Results: PNF were identified in 12/26 women (46.2%). Follow up showed neither new PNF nor a significant difference in growth rate (median tumor-growth/year: pregnant group-0.38% (IQR -1.1-5.4%) vs control group 3.59% (IQR -2.1-5.5%; P = 0.69). Malignant transformation of PNF was not observed. There was a significant growth of cutaneous neurofibromas in both groups (median SLD increase: pregnant group 17mm; P = 0.0026 / control group 12mm; P = 0.0004) The difference in increase of SLD was not significant (P = 0.48). Singular cutaneous neurofibromas in the pregnant group displayed high levels of tumor growth (>20%/year). NF1-associated symptoms and subjective tumor growth were not significantly increased in pregnant patients.

Conclusions: Growth of plexiform and cutaneous neurofibromas in pregnant patients is not significantly different compared to non-pregnant patients. Cutaneous neurofibromas show a significant increase in growth over time in both, pregnant and non-pregnant patients and NF1 related clinical symptoms do not significantly aggravate during the course of pregnancy.
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http://journals.plos.org/plosone/article?id=10.1371/journal.pone.0232031PLOS
http://www.ncbi.nlm.nih.gov/pmc/articles/PMC7188260PMC
July 2020

Comparison of MRI and VQ-SPECT as a Screening Test for Patients With Suspected CTEPH: CHANGE-MRI Study Design and Rationale.

Front Cardiovasc Med 2020 9;7:51. Epub 2020 Apr 9.

Department of Diagnostic and Interventional Radiology, Hannover Medical School, Hanover, Germany.

The diagnostic strategy for chronic thromboembolic pulmonary hypertension (CTEPH) is composed of two components required for a diagnosis of CTEPH: the presence of chronic pulmonary embolism and an elevated pulmonary artery pressure. The current guidelines require that ventilation-perfusion single-photon emission computed tomography (VQ-SPECT) is used for the first step diagnosis of chronic pulmonary embolism. However, VQ-SPECT exposes patients to ionizing radiation in a radiation sensitive population. The prospective, multicenter, comparative phase III diagnostic trial TEP diosis urope - MRI (CHANGE-MRI, ClinicalTrials.gov identifier ) aims to demonstrate whether functional lung MRI can serve as an equal rights alternative to VQ-SPECT in a diagnostic strategy for patients with suspected CTEPH. Positive findings are verified with catheter pulmonary angiography or computed tomography pulmonary angiography (gold standard). For comparing the imaging methods, a co-primary endpoint is used. (i) the proportion of patients with positive MRI in the group of patients who have a positive SPECT and gold standard diagnosis for chronic pulmonary embolism and (ii) the proportion of patients with positive MRI in the group of patients with negative SPECT and gold standard. The CHANGE-MRI trial will also investigate the performance of functional lung MRI without i.v. contrast agent as an index test and identify cardiac, hemodynamic, and pulmonary MRI-derived parameters to estimate pulmonary artery pressures and predict 6-12 month survival. Ultimately, this study will provide the necessary evidence for the discussion about changes in the recommendations on the diagnostic approach to CTEPH.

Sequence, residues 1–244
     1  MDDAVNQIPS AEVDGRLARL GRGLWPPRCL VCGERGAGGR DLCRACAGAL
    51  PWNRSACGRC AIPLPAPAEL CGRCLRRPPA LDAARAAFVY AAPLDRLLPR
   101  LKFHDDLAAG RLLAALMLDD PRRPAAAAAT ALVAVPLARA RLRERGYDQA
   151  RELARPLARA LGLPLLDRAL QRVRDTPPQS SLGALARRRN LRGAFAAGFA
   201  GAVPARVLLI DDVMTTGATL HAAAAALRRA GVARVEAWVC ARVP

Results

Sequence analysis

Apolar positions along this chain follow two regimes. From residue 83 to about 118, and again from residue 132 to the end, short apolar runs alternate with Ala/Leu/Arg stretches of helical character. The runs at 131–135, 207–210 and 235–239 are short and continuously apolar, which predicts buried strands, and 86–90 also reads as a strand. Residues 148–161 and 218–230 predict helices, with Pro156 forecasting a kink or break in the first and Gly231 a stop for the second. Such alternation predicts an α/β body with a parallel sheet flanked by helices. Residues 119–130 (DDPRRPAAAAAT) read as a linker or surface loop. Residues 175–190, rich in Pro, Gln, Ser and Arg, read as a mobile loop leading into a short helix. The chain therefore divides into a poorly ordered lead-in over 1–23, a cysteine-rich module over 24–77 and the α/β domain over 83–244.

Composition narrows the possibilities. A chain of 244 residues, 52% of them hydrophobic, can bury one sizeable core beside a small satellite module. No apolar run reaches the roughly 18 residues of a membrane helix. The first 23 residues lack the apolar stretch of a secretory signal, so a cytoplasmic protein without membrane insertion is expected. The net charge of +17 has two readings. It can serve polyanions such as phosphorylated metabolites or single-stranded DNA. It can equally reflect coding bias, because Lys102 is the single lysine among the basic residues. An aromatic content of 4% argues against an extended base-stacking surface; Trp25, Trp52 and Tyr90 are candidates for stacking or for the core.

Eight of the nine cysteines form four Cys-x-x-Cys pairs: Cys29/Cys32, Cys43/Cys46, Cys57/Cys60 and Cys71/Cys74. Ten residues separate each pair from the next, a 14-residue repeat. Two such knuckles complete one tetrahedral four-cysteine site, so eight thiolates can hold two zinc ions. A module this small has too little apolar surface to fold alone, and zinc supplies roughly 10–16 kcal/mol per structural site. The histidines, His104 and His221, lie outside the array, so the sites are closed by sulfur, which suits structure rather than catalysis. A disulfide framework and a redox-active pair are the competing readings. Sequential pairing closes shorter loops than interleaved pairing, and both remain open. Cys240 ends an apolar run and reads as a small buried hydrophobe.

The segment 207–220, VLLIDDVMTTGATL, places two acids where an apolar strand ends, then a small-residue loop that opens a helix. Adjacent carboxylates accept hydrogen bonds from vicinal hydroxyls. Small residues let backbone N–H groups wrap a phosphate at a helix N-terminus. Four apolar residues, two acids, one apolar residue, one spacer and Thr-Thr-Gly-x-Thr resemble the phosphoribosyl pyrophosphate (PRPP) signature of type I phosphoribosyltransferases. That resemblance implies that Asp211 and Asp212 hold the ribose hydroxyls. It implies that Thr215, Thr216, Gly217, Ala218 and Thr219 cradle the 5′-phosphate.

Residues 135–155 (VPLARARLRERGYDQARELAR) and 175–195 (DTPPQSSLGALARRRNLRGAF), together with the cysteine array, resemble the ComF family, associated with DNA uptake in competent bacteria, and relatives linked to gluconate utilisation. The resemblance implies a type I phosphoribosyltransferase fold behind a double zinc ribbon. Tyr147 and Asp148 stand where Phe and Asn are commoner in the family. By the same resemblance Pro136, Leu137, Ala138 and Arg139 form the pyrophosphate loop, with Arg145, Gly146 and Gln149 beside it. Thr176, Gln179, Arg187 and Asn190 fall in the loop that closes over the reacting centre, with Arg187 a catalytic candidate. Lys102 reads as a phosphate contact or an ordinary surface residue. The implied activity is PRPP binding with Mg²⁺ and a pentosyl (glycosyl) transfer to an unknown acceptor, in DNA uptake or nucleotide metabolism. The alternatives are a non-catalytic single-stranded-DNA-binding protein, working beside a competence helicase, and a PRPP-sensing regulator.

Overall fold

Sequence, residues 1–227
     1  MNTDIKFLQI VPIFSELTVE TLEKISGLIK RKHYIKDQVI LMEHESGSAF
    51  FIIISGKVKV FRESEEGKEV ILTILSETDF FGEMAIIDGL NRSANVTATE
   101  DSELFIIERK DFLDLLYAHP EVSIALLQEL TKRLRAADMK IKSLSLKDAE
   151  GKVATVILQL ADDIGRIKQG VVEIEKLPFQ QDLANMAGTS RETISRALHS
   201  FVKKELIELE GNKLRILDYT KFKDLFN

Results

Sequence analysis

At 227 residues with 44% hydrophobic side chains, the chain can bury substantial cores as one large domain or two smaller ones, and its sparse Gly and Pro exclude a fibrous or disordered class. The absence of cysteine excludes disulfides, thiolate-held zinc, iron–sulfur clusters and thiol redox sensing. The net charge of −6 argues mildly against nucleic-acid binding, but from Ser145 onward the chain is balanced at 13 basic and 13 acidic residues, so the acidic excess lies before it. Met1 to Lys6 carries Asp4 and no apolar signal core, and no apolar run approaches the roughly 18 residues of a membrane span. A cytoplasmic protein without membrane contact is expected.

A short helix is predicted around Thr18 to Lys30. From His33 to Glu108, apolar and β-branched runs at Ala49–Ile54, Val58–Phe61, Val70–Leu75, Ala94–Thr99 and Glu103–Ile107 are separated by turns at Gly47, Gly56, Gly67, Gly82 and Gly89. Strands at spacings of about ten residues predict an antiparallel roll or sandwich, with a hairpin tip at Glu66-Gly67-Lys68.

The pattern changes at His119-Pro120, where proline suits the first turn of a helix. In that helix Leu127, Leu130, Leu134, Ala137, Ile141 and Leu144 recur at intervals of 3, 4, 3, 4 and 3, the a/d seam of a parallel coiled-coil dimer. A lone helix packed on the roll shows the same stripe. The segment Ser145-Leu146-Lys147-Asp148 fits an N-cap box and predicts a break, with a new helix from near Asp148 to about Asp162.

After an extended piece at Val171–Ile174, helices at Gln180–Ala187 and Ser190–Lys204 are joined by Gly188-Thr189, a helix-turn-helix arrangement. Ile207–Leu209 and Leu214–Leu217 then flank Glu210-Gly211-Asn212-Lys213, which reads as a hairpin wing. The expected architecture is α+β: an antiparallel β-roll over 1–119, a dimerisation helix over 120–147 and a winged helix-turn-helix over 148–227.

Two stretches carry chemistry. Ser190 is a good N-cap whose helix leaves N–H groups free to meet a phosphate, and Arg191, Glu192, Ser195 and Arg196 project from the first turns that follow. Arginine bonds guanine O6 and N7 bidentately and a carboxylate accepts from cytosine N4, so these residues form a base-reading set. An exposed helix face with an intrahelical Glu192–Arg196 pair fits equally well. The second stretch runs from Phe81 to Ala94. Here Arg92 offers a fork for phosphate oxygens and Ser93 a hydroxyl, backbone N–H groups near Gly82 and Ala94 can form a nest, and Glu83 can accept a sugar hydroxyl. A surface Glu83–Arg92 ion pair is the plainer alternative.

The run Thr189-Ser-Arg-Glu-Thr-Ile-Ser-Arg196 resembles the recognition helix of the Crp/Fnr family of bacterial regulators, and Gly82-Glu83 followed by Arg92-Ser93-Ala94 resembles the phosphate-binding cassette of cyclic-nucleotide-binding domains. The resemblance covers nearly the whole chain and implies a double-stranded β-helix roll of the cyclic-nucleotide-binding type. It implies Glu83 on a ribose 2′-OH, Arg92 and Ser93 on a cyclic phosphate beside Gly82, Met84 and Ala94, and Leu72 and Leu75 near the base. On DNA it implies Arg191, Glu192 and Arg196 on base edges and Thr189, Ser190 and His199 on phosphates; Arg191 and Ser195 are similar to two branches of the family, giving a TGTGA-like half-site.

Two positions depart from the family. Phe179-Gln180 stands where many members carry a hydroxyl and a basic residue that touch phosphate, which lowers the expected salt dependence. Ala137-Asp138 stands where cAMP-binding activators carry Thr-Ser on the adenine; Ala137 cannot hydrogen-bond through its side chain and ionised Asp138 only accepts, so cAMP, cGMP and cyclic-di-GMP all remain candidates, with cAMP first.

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http://dx.doi.org/10.3389/fcvm.2020.00051DOI Listing
http://www.ncbi.nlm.nih.gov/pmc/articles/PMC7161347PMC
April 2020

Volumetric 68Ga-DOTA-TATE PET/CT for assessment of whole-body tumor burden as a quantitative imaging biomarker in patients with metastatic gastroenteropancreatic neuroendocrine tumors.

Q J Nucl Med Mol Imaging 2020 Apr 14. Epub 2020 Apr 14.

Department of Nuclear Medicine, Hannover Medical School, Hannover, Germany -

Background: A quantitative imaging biomarker is desirable to provide a comprehensive measure of whole-body tumor burden in patients with metastatic neuroendocrine tumors, and to standardize the evaluation of treatment-related changes. Therefore, we evaluated volumetric parameters for quantification of whole-body tumor burden from somatostatin receptor (SSR)- targeted PET/CT.

Methods: 32 patients with metastastic grade1/grade 2 gastroenteropancreatic neuroendocrine tumors who underwent a 68Ga-DOTA-TATE PET/CT for staging of disease before initiation of peptide receptor radionuclide therapy were included in this retrospective cohort analysis. Volumetric parameters of tumor lesions, SSR-derived tumor volume (SSR-TV) and total lesion SSR (TL-SSR), were calculated for each patient using a computerized volumetric technique with a 40% SUVmax cut-off, and compared with serum chromogranin A (CgA) levels. Progression-free survival (PFS) was determined in relation to volumetric parameters. In a subgroup of 18 patients, the feasibility of volumetric parameters for treatment monitoring was evaluated.

Results: Mean SSR-TV was 178±214 cm3 (range, 9-797 cm3), whereas mean TL-SSR was 4096±5191 cm3 (range, 61-19203 cm3). Baseline CgA levels were associated with whole- body tumor burden (SSR-TV, r=0.57, P=0.0008; and TL-SSR, r=0.43, P=0.01, respectively). PFS was shorter in patients with high SSR-TV and high TL-SSR (HR 5.16 (95% CI, 1.61- 29.67), P=0.009), and SSR-TV (P = 0.0067) and TL-SSR (P = 0.0215) emerged as the sole predictors of progression in regression analysis. Changes in CgA did not correctly identify treatment response (P=0.25).

Conclusions: SSR-derived volumetric parameters provide a quantitative imaging biomarker for whole-body tumor burden, and may hold potential as a clear-cut measure for assessment of treatment response.
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http://dx.doi.org/10.23736/S1824-4785.20.03238-0DOI Listing
April 2020

Influence of short-term dexamethasone on the efficacy of Lu-PSMA-617 in patients with metastatic castration-resistant prostate cancer.